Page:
COEUR d’ALENE — To reach areas with small Jewish populations, the Roving Rabbis are happy to bring the faith on the road.
"What the Roving Rabbis do is to go to places that there is a small amount of Jews where they can't have a full-time rabbi and share with them the holiday experience," said Rabbi Laibel Shemtov. "We are younger, we’re not married yet, we go out to places that are smaller, where there’s not enough Jews to support a rabbi. We’ll go during the holidays when it’s most important.
Roving Rabbis, based in New York, are dispatched from the Merkos Shlichus Chabad-Lubavitch Student Visitation Program to go out into communities around the world to spread the word of Judaism and provide services for local Jews who might not otherwise have access to be involved in holiday events.
On Friday, Shemtov and Rabbi Yisroel Shemtov will host a Passover Seder meal in the La Quinta Inn in Coeur d'Alene at 7:30 p.m.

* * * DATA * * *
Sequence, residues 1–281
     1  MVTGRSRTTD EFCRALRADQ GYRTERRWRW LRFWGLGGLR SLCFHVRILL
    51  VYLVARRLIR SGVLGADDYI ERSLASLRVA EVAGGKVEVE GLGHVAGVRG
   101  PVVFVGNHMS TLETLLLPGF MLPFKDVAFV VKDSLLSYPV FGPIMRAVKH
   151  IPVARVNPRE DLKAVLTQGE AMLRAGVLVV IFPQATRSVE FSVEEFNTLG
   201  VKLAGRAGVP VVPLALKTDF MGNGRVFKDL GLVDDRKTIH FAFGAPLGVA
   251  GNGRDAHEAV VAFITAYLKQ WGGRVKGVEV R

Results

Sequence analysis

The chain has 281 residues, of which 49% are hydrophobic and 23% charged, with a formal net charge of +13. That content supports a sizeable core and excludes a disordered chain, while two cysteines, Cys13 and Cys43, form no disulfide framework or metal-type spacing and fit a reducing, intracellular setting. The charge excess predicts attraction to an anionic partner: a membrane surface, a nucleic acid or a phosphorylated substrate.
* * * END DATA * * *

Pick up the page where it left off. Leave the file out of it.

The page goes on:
"Passover celebrates redemption," Laibel said. "Not only of the first time, but as a constant redemption and future redemption of prayers for the future."
Passover is the major Jewish spring holiday which commemorates the liberation of the Israelites from Egyptian slavery. It lasts seven or eight days from the 15th day of the month of Nisan, which usually falls in March or April of the Gregorian calendar.
"The Passover meal is a time to recount the story of the exodus from Egypt many years ago, reminding us that we too can celebrate inner freedom, in our personal lives," Laibel said.
The Seder meal consists of a symbolic plate: a shank bone (zeroa) represents sacrifice, an egg (beitzah) represents the circle of life, bitter herbs (maror) stand for the bitterness of slavery, a green leafy vegetable (karpas) represents spring and a sweet paste called haroset symbolizes the mortar used by the Jews in Egypt.
RSVPs are required to attend the Roving Rabbis Passover Seder in Coeur d'Alene. Email firstname.lastname@example.org or call 248-882-7331 to reserve a seat. The La Quinta Inn is located at 333 W. Ironwood Drive.
"We would love to see all the Jews in Idaho joining us," Laibel said.